Feedback: TSC only takes plight of tutors, pensions by Treasury

Commission only processes tutors' claims which are paid by the National Treasury

In Summary

• Commission did not scrap teachers' medical allowances, it introduced a comprehensive medical cover in 2015. 

• It is misunderstood that implementation of 2017-21 CBA gave p1 administrators more pay than degree holders; it did a job evaluation to recognise administrative positions. 

TSC chief executive officer Nancy Macharia
WE ARE IN LINE: TSC chief executive officer Nancy Macharia
Image: FILE

The Teachers Service Commission would like to respond to Amos Orina’s letter which appeared in the Star on October 28 titled ‘TSC flouting laws at the disadvantage of hardworking tutors’.

First, the writer asserts that TSC scrapped monthly medical allowances for teachers. But on the contrary, the commission introduced a comprehensive medical cover in 2015 to enable teachers to provide quality service.

Put differently, the medical cover which teachers have benefitted from for the last couple of years is far more superior to the previous medical allowances.  Indeed, the commission has advertised a tender for the teachers’ medical cover for 2019-22 which is in the last stage of completion.

That is to say that TSC has taken steps to ensure teachers have access to quality and affordable healthcare. This is also in line with the government’s Big Four agenda of the provision of Universal Health Coverage. This will propel them to remain productive in their profession.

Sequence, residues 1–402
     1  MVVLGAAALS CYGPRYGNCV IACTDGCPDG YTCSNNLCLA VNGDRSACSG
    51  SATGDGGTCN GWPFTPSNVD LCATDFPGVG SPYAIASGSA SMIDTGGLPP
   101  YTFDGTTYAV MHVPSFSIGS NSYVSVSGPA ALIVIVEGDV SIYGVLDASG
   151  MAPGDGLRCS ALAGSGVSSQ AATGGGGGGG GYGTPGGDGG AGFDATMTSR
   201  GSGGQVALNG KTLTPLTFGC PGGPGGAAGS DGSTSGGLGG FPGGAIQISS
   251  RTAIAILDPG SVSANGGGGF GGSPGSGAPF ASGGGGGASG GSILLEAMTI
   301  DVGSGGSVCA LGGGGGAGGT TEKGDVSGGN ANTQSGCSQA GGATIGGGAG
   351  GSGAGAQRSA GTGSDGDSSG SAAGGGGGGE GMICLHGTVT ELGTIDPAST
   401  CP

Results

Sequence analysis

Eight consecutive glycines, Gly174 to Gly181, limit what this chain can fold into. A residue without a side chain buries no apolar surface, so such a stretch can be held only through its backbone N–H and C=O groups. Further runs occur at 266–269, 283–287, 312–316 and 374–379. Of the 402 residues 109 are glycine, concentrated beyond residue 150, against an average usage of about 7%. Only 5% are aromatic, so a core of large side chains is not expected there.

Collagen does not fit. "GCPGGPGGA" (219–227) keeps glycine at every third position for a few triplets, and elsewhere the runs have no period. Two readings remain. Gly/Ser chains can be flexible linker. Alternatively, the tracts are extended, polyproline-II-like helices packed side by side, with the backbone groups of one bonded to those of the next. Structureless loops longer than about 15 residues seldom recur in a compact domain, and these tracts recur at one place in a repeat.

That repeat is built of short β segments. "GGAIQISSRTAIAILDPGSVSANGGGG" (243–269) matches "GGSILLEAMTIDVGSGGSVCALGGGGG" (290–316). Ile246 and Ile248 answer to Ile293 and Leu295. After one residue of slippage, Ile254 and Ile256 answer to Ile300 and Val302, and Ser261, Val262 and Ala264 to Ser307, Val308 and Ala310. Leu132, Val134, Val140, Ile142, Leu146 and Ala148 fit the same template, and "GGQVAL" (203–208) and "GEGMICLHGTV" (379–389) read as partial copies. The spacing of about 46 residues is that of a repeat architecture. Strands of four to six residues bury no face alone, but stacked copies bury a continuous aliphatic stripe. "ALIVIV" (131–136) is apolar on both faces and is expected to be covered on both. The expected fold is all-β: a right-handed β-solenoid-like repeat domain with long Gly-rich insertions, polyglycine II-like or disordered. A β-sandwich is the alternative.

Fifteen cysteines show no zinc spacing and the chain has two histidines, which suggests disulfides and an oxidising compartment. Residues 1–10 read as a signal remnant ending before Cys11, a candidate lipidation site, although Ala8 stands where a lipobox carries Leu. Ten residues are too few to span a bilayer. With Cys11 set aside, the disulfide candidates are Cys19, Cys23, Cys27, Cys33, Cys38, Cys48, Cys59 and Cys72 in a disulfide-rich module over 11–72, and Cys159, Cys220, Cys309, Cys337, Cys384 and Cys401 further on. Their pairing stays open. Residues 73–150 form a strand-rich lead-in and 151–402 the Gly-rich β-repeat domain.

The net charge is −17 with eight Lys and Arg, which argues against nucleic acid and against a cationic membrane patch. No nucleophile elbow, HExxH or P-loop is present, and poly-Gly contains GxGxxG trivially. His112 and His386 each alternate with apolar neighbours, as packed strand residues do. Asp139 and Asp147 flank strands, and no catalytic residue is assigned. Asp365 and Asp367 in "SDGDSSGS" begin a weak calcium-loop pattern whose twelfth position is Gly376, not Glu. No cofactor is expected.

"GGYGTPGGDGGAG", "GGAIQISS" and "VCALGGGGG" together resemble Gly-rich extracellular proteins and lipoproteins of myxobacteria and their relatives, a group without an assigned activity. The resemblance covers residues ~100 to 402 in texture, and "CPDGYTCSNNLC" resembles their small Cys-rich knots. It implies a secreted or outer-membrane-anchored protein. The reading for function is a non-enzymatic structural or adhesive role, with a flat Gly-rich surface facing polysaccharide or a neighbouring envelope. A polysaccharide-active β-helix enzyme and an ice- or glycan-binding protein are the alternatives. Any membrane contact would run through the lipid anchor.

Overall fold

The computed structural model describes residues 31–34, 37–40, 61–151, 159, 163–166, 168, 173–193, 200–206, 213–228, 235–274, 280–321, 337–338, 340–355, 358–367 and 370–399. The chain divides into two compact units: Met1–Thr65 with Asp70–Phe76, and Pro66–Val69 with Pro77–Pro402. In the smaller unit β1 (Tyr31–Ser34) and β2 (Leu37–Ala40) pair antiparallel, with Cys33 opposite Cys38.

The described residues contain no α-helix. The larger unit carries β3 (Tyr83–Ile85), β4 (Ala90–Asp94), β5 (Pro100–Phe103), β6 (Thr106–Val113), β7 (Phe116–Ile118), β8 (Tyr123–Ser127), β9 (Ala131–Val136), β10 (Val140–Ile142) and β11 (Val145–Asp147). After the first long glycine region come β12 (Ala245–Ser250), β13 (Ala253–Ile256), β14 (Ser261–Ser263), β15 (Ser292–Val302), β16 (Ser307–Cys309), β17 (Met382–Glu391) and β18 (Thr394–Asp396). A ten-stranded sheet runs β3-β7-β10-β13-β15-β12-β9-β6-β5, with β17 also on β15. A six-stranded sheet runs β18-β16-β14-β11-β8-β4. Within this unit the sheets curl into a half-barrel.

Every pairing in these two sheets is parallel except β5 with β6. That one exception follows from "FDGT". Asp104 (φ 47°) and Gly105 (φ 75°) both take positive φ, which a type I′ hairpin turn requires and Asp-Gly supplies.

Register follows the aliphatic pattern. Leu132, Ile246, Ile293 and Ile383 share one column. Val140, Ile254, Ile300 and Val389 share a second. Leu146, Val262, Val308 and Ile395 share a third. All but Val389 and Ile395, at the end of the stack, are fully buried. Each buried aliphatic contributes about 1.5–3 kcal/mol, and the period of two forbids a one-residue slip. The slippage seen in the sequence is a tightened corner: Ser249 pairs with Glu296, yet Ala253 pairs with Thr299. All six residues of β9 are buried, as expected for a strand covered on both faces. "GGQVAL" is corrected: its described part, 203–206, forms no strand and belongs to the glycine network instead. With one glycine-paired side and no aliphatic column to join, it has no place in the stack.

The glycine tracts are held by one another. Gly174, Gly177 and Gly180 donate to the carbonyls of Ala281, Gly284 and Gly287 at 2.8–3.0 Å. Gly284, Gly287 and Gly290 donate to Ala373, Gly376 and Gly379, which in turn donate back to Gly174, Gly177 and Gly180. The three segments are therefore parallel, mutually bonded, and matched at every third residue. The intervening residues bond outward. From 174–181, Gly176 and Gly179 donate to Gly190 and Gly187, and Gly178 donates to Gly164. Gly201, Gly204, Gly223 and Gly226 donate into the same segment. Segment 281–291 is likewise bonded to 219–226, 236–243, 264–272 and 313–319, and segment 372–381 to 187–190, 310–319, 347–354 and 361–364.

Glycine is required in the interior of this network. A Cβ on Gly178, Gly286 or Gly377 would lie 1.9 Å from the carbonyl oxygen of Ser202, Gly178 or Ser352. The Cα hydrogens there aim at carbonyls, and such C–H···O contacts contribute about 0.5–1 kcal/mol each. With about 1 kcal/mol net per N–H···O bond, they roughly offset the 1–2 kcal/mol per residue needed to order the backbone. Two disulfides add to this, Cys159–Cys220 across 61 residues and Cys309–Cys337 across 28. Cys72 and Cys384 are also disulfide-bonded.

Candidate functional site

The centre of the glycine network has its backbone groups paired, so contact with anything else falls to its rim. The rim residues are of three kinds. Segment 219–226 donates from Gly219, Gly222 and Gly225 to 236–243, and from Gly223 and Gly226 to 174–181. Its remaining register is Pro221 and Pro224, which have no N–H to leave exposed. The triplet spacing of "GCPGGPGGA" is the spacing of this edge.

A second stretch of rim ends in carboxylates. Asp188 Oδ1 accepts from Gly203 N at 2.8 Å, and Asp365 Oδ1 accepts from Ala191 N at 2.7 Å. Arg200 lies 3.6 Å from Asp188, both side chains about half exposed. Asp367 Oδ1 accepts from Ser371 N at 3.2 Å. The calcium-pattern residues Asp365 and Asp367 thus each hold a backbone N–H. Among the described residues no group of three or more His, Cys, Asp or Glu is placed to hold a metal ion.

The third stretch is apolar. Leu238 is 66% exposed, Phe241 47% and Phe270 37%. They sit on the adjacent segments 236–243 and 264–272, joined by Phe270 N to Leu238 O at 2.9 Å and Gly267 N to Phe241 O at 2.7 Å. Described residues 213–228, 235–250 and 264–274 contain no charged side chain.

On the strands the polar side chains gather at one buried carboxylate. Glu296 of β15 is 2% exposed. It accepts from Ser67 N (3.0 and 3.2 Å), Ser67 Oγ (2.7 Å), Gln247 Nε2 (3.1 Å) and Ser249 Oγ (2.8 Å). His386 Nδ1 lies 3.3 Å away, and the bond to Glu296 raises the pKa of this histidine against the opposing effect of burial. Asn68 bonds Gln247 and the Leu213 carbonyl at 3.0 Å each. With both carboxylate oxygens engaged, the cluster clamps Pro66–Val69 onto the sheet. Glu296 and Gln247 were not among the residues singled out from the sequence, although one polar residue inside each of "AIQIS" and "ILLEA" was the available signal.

In the same letter, the writer asserts that TSC threatens the quality of teaching through the implementation of the 2017-21 CBA which allegedly saw P1 administrators earn twice or thrice better pay than degree holders. This is a fallacy. TSC–in consultation with the Salaries and Remuneration Commission–conducted a job evaluation for teaching service in 2015-16.

The Job Evaluation was the basis of CBA 2017-21. It is in light of the above developments, administrative positions became substantive appointments and the administrative responsibilities were recognised hence given commensurate remuneration.

As pertains to payment of pensions for teachers in the 1997 Nakuru court case, the commission wishes to state that it has not flouted any laws at the expense of tutors. Indeed, work is on course to process these teachers’ pensions as there are only a few cases being processed.

However, it is imperative to note that teachers pension is paid by the National Treasury and the role of TSC is in just processing of the claims.

This, therefore, means that the onus of the commission is to document the retiree’s employment history which includes age, date of employment, promotions, remunerations and any other period(s) the teacher went without pay. The rest is done by the government.


Corporate communications officer, TSC